More than 70% of Virginians say they’re likely to get the COVID-19 vaccine, a 13-point jump from the number who said the same in September, according to a statewide poll from Virginia Commonwealth University.
But of the 827 adults interviewed, the most likely to say they’d receive it were also more likely to have a college degree and a family income of over $100,000 per year. Nearly 90% of residents in Northern Virginia, which includes affluent places like Great Falls and Arlington, said they’d receive the vaccine.
People in western Virginia were the least likely at 53%. Southwest Virginia is both one of the hardest hit by COVID and a region with the lowest median household income in the state: $37,663.
The state median according to the U.S. Census Bureau was $74,222.
“We see the importance of addressing the effects of COVID relative to improved health care needs in areas that have been previously neglected such as education, health and employment,” said former Gov. L. Douglas Wilder, who VCU’s school of government and public affairs is named after.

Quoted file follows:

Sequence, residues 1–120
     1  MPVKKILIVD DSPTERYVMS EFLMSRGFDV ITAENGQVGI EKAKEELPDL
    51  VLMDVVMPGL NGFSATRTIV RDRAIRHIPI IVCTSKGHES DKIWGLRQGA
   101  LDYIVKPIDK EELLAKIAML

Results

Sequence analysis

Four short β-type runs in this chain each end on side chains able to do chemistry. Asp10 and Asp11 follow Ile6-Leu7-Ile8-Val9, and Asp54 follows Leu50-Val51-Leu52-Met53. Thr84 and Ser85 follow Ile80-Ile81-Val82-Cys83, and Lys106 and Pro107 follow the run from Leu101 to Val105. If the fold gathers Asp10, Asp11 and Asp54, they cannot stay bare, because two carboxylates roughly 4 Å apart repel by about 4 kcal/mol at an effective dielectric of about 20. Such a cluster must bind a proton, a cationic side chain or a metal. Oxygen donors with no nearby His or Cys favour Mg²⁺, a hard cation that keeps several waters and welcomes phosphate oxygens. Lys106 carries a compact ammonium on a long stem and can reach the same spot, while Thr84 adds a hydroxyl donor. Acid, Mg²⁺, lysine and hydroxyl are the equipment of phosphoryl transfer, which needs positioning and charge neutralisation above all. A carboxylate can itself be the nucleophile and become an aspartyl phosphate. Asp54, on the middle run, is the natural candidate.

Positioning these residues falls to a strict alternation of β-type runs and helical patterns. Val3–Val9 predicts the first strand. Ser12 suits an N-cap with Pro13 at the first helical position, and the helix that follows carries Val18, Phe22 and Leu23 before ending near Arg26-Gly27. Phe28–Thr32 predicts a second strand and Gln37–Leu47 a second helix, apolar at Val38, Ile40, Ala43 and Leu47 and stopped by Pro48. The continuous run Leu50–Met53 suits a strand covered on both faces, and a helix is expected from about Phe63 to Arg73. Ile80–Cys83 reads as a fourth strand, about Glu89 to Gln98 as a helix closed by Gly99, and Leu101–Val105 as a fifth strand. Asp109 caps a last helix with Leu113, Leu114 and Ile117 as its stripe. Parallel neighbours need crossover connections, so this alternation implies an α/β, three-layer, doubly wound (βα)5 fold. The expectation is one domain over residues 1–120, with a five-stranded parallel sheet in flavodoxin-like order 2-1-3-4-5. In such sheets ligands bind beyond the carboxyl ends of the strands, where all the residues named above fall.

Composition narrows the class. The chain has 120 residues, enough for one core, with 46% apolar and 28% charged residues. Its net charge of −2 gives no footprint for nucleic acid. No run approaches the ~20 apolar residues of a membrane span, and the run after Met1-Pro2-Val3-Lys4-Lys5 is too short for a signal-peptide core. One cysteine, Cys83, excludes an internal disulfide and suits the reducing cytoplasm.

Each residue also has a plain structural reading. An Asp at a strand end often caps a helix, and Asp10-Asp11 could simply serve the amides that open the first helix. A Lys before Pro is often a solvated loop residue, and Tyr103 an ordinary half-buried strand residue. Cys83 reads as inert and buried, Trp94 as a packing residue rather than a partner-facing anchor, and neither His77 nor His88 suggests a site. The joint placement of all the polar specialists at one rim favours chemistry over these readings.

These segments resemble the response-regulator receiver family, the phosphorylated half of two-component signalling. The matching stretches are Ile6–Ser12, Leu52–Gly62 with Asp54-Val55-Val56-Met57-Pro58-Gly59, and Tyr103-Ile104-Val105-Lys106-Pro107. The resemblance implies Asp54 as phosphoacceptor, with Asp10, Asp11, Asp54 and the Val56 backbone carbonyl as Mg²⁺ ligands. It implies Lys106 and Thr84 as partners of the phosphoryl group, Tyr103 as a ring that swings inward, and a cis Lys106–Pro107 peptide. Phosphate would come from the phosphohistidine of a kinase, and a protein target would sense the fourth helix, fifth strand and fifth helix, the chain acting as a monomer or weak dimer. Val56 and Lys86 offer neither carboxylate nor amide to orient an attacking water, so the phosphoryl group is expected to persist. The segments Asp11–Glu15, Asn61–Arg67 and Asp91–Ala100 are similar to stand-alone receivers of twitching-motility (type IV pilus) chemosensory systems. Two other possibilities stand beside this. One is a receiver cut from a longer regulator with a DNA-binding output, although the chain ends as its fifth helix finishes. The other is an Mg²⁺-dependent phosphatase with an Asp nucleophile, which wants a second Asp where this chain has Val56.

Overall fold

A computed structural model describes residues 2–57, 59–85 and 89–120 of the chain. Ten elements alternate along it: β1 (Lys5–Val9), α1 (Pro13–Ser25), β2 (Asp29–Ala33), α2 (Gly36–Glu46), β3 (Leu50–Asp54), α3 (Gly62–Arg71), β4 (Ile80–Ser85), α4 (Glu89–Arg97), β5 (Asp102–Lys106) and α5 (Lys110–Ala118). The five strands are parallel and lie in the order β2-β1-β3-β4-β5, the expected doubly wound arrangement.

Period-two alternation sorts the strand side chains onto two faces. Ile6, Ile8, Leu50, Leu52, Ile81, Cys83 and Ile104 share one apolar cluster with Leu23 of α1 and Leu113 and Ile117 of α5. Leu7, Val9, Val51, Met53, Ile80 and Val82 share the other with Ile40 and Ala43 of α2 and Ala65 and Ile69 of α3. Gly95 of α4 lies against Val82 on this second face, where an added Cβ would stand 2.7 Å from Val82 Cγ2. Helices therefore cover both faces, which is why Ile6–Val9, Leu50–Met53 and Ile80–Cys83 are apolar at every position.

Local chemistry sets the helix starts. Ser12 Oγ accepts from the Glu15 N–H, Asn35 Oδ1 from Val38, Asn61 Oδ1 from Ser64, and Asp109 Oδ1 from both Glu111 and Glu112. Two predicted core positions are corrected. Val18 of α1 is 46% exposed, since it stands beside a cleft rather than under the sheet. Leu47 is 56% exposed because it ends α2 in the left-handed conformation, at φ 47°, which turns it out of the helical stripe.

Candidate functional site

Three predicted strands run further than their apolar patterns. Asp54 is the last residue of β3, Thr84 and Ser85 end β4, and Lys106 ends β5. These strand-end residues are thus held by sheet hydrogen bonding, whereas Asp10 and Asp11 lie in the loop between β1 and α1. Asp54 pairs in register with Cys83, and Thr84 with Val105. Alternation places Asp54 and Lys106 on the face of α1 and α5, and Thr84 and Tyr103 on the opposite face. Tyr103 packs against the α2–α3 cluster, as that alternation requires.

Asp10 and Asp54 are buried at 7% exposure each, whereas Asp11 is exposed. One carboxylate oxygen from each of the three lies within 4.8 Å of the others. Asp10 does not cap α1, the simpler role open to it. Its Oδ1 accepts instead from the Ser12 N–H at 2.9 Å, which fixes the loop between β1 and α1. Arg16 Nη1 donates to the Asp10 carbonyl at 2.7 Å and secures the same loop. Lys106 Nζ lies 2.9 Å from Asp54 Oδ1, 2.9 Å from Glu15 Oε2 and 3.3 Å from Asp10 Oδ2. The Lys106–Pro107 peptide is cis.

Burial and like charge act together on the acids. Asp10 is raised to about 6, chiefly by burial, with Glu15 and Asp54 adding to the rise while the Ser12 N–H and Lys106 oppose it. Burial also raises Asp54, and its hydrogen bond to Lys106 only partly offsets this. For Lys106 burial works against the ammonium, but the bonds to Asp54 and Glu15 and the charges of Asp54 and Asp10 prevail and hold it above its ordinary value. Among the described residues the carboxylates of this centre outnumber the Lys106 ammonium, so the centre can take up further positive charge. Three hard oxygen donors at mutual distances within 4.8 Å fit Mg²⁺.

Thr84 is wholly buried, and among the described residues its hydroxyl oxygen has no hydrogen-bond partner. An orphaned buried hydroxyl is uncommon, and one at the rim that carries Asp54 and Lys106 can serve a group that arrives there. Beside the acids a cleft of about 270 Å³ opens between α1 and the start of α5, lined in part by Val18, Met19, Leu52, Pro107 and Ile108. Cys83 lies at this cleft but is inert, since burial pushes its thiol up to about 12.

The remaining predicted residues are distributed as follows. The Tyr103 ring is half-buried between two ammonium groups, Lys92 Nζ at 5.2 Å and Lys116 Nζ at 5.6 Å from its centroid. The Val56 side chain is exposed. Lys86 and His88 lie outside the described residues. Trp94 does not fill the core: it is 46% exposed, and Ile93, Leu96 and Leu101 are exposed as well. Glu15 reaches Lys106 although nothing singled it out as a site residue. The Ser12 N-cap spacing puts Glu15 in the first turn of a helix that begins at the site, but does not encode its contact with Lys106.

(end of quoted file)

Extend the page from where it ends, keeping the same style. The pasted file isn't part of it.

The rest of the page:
The poll also found that politics continue to be a divider when it comes to mask mandates and sending kids back to in-person learning.
Federal-level mask mandates were most likely to be supported by Democrats (93%) and communities of color (77%). Statewide, 64% supported them but in western regions, it was split 50-50.
More than half of Virginians in the poll also responded that they think it’s safe to send children and teachers back to in-person learning. In September, it was 42%.
But there’s nearly a 30% difference between white residents and communities of color, who’ve been disproportionately impacted by the virus, on this. While 64% of white respondents said they felt it was safe, only 37% of nonwhite populations said the same.
Nearly 80% of Republicans thought it safe compared to 28% of Democrats.
The poll was conducted Dec. 11-30 as vaccinations were starting to roll out across Virginia.